A CEO’s legitimacy is boosted when they commit to espoused values, especially when doing so is costly. The CEO who shows no hesitation in recalling an unsafe product, whatever the cost; who continues to fund key R&D projects even when the company is losing money; or who takes responsibility for a failed investment even if the decision wasn’t entirely theirs will significantly enhance their legitimacy. CEOs who are seen to forsake their values when the going gets tough are more likely to diminish their legitimacy and diminish commitment to themselves and the organization. Having the courage to do the right thing when tested is a powerful way of gaining legitimacy.
Authentic CEOs are open about their successes and failures, strengths and weaknesses. They actively seek input and feedback from others. They avoid artifice and exude a sense of “This is who I am.” When people encounter an authentic leader, they say: “I am seeing the real person here.” This openness about who they are as individuals beyond their role as CEO makes authentic CEOs more relatable and approachable as they connect with people personally, inspiring others to follow their lead.
Putting the company first
Becoming a CEO may be a prize for many years of contributions to the company, but it is also an honor. CEOs gain legitimacy to the extent their behavior demonstrates that they put the company’s interests above their own. One CEO observed: “People need to know it’s not about you, that you are committed to serving the company.” Although people may raise eyebrows over a CEO’s pay or privileges, it truly galls them when one puts their interests above those of the company. CEOs who use every opportunity to acknowledge their privilege to lead the company, are generous in giving others credit for success and quick to assume responsibility for failures, and who share sacrifice themselves before they ask others to do so are more likely to enjoy legitimacy.
Leaders need to remain human, humble, and approachable to maintain their legitimacy. The CEO job does change people, with experts like Rakesh Khurana describing the risks of the job as structurally induced narcissism. The perquisites of the job are so numerous and the admiration so constant that it is hard for CEOs not to begin to believe in their self-importance and superiority to others.
Consider the example of former General Electric chairman Jeff Immelt. His reputation has never fully recovered from the revelation that GE sent a spare plane to accompany him as a backup whenever he flew on a corporate jet in case the first jet became inoperable. Even though Immelt later insisted he was unaware of the arrangement, the fact that his staff felt his time was so important that he required a backup jet shows the structurally induced self-importance the CEO role can create. Beyond the self-importance that some CEOs begin to exhibit, some suffer a related malady: they start thinking that others’ opinions are unimportant, which leads to arrogance.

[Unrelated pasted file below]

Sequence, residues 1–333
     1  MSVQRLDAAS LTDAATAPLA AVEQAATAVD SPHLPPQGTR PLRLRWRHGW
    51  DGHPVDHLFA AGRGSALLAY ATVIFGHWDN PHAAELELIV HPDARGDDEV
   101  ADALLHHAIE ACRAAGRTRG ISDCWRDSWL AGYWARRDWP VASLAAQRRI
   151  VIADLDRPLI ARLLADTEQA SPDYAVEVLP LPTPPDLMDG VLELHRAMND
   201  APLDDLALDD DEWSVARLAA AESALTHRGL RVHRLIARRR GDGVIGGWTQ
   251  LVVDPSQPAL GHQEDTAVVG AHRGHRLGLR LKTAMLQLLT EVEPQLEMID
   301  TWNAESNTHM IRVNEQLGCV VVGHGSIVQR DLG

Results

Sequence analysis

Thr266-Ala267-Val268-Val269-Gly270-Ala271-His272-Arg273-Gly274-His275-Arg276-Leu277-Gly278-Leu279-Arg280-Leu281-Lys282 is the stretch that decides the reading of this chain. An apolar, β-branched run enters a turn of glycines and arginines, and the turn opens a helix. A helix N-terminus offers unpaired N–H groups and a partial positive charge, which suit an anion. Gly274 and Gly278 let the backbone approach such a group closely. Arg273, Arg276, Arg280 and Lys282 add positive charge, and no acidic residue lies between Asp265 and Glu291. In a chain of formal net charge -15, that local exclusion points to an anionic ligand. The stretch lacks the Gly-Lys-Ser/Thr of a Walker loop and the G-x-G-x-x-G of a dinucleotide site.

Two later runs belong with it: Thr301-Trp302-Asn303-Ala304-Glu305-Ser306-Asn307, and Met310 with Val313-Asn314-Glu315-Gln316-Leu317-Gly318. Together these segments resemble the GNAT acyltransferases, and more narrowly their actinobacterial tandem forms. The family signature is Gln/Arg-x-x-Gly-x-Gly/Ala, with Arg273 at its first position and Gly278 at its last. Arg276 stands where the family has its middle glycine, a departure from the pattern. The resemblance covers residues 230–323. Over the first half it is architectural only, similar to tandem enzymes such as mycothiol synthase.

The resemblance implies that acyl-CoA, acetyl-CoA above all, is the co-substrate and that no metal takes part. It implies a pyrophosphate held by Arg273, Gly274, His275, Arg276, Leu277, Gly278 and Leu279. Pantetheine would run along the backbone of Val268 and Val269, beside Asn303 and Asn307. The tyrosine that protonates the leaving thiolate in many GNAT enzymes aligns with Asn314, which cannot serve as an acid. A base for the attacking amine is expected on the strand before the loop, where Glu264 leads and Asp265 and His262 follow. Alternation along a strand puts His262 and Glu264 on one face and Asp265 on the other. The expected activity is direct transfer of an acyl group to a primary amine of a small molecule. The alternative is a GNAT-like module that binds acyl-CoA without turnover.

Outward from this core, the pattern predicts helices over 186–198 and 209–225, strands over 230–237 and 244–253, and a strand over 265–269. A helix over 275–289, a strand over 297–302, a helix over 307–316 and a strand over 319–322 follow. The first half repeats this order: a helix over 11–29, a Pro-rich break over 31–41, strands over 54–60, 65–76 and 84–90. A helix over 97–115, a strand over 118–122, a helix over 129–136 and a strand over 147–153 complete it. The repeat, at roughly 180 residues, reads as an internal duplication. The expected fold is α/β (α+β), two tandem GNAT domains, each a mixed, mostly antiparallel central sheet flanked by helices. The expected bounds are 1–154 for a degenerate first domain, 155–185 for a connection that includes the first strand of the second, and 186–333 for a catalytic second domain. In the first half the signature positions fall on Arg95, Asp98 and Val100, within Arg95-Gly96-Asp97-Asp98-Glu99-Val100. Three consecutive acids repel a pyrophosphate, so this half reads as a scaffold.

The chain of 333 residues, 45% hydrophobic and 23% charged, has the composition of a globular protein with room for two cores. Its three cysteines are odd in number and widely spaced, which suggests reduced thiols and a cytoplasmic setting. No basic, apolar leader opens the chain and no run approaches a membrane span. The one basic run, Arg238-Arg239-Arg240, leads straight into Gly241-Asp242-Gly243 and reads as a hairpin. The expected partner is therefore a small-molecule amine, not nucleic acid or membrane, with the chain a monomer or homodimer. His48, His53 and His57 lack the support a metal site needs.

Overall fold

Staying grounded can include ensuring adequate time with family or off-the-job pursuits. In our research on how CEOs manage their time, we found that CEOs often sacrifice time for their family or themselves. Getting lost in their work can detach a CEO from their anchors to family and self. A growing distance from their family can sometimes draw CEOs into other relationships that cross organizational norms and boundaries. Losing anchors to relationships that ground them can cause damage to their personal life, but it also risks a CEO’s legitimacy.
Maintaining a sense of purpose
CEOs who can provide others with a greater sense of purpose and meaning enjoy greater legitimacy. Since CEOs are judged for the underlying motivations that guide their conduct, those whose work is seen as being in service of some larger goal, such as serving society or creating real value for customers, enjoy greater legitimacy than those whose actions are seen to be motivated by more mundane goals such as increasing shareholder wealth. Infusing the organization with a sense of purpose is one of the hallmarks of great leaders. Moreover, people don’t just look to leaders to enhance the performance of an organization; they also look to them to provide a greater sense of meaning from their work.
In short, while authority-based leadership is based on formal power and decision-making rights, and competence-based leadership focuses on performance, legitimacy-based leadership is based on behaviors and actions that inspire others’ trust, respect, and commitment. While all three forms of leadership can be effective in certain situations, legitimacy-based leadership is more sustainable and effective in the long run.
This content was originally published here.